The Simplest Explanation May Reveal The Odd Alignment Of Egypt's Great Pyramids


Jonathan O'Callaghan

Senior Staff Writer



Sometimes the simplest explanation is the best one. That’s what an archaeologist is proposing for Egypt's great pyramids, suggesting the Earth’s position around the Sun was enough to give these structures their odd alignment.

The Great Pyramid of Giza, along with another at Giza and one at Dahshur, are all remarkably aligned along the cardinal points – north, south, east, and west. However, experts have struggled to explain why this is the case, as the Egyptians did not have access to tools to accurately determine these directions such as a compass.


Writing in the Journal of Ancient Egyptian Architecture, archaeologist Glen Dash proposes an Occam’s razor approach. He suggests the Egyptians used the autumnal equinox, when the Sun is directly above Earth’s equator and daylight hours equal those of night, to achieve this.

“It produces results that match the actual alignments of the largest pyramids of the pyramid age in magnitude and direction,” Dash wrote in his paper. “It is also the ‘Occam’s razor’ candidate. It is hard to imagine a method that could be simpler either conceptually or in practice.”

To come to this conclusion, he performed an experiment at his home in Pomfret, Connecticut, using a tool known as a gnomon. Sort of like a sundial, this involves placing a vertical rod in the ground to project a shadow on the ground and, by tracing out its path, an observer can use a piece of string to draw a line from east to west.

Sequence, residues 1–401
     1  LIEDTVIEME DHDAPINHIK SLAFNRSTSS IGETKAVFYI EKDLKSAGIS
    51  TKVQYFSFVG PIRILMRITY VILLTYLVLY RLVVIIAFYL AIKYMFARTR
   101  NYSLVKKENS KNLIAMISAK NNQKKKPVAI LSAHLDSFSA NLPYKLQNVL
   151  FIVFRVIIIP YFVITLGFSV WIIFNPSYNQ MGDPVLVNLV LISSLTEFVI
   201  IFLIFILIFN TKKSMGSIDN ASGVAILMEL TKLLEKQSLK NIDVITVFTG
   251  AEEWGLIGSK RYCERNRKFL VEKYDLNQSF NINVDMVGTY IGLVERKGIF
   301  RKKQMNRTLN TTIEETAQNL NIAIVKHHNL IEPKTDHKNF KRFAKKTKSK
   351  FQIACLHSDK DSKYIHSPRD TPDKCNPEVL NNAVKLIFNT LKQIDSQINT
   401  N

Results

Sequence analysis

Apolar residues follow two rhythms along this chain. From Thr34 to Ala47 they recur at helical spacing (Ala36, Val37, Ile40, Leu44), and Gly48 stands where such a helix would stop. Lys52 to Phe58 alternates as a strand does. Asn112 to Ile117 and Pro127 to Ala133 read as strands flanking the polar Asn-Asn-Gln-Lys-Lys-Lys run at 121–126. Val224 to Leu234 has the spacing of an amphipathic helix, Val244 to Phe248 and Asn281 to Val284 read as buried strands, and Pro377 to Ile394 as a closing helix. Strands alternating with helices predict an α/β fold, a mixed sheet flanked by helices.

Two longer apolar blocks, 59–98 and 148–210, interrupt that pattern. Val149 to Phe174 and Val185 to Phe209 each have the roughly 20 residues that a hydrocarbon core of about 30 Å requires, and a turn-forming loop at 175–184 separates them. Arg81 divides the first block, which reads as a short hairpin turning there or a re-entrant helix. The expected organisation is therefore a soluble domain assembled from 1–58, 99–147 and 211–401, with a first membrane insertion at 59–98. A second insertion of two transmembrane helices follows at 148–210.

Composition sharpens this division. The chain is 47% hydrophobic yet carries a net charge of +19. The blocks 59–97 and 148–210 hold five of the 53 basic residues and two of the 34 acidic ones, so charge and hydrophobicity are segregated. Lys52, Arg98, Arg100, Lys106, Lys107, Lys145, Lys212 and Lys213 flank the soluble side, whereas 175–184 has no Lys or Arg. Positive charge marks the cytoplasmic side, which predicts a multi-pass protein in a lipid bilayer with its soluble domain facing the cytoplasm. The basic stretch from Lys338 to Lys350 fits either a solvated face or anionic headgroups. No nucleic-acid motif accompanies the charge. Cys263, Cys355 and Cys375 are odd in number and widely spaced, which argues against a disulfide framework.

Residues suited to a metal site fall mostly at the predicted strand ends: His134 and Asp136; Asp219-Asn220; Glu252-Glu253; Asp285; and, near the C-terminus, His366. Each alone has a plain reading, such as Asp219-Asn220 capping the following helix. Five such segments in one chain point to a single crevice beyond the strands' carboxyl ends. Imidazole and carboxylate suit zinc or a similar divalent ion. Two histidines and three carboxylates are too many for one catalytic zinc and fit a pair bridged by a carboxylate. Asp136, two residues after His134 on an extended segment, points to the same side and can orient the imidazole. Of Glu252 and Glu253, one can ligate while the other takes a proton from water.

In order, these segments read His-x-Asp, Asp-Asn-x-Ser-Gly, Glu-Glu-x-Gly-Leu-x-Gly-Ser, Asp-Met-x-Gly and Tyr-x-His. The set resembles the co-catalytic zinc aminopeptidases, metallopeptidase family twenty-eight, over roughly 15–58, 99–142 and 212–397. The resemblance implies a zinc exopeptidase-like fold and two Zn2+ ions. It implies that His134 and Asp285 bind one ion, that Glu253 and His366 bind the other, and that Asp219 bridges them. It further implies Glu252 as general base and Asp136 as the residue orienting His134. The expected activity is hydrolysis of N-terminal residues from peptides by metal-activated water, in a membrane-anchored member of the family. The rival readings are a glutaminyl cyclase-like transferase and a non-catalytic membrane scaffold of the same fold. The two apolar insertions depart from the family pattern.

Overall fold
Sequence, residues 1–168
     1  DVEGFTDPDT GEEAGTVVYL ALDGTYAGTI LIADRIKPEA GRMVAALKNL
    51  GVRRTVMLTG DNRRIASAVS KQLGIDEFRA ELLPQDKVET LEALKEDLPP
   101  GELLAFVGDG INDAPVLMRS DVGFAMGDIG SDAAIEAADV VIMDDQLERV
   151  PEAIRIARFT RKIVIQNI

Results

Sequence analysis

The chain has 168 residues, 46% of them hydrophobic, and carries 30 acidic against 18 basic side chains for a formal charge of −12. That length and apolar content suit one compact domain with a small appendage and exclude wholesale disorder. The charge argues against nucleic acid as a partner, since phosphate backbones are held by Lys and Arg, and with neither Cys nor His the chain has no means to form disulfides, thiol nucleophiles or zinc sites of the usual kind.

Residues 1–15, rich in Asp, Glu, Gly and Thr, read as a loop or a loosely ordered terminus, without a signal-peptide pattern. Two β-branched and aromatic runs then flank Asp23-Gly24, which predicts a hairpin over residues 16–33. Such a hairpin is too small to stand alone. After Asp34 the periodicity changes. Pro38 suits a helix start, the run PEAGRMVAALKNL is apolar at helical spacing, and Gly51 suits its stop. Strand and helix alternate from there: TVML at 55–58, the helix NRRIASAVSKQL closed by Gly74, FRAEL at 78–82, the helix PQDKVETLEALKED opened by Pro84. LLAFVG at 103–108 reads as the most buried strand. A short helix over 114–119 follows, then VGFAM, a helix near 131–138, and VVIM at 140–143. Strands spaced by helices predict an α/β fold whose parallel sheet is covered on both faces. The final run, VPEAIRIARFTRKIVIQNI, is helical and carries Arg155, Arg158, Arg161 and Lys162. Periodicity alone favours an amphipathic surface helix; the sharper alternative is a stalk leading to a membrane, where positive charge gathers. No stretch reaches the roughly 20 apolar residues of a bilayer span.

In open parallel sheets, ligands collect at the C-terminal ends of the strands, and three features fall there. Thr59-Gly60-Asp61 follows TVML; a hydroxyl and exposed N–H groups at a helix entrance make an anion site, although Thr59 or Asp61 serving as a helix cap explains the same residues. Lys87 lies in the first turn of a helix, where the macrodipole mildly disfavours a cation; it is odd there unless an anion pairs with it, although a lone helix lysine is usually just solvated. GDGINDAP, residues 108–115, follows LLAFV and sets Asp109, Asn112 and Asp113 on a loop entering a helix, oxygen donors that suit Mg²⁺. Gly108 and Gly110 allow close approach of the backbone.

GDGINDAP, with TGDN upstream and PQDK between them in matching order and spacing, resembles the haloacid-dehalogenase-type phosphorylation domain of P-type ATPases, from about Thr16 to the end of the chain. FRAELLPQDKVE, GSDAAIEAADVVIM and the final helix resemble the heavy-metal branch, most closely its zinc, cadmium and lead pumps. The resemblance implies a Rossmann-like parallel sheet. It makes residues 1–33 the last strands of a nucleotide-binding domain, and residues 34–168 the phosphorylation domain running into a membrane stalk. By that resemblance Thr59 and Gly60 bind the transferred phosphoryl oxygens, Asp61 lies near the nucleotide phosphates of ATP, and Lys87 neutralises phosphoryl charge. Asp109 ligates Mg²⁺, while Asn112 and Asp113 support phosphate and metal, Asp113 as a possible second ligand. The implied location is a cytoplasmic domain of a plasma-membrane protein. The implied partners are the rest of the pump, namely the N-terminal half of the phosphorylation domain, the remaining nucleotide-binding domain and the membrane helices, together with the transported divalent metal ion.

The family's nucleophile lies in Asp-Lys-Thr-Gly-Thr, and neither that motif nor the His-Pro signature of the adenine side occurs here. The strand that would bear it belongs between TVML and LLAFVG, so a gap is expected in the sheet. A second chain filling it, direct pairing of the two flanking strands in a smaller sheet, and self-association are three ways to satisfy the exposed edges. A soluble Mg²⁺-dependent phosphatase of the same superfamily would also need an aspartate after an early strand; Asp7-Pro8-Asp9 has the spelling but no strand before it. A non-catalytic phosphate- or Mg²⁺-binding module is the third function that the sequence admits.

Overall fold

Diagram of how a gnomon works. Wilma Wetterstrom of Ancient Egypt Research Associates

Although there is no evidence the Egyptians used this method, Dash said his experiment showed it would be possible to use it for the pyramids. On September 22, 2016, the autumnal equinox, he tracked the position of the gnomon’s shadow, producing a line with a small margin of error.


This margin was similar to those of the pyramids, which are each slightly misaligned counterclockwise to the cardinal points. He said that using a large platform to trace the shadow, the Egyptians could have extended the line to lay a baseline for the pyramids.

“The equinoctial solar gnomon method appears to be workable,” he wrote. “It joins the list of methods the Egyptians might have used to align their pyramids.”

Without any documents or architectural plans, we may not know for sure how the pyramids were constructed in this way. Others have suggested that bright stars in the Big Dipper and Little Dipper constellations, or even the Pole Star, could also explain the alignment. But if Dash is correct, then the simplest explanation may trump them all.


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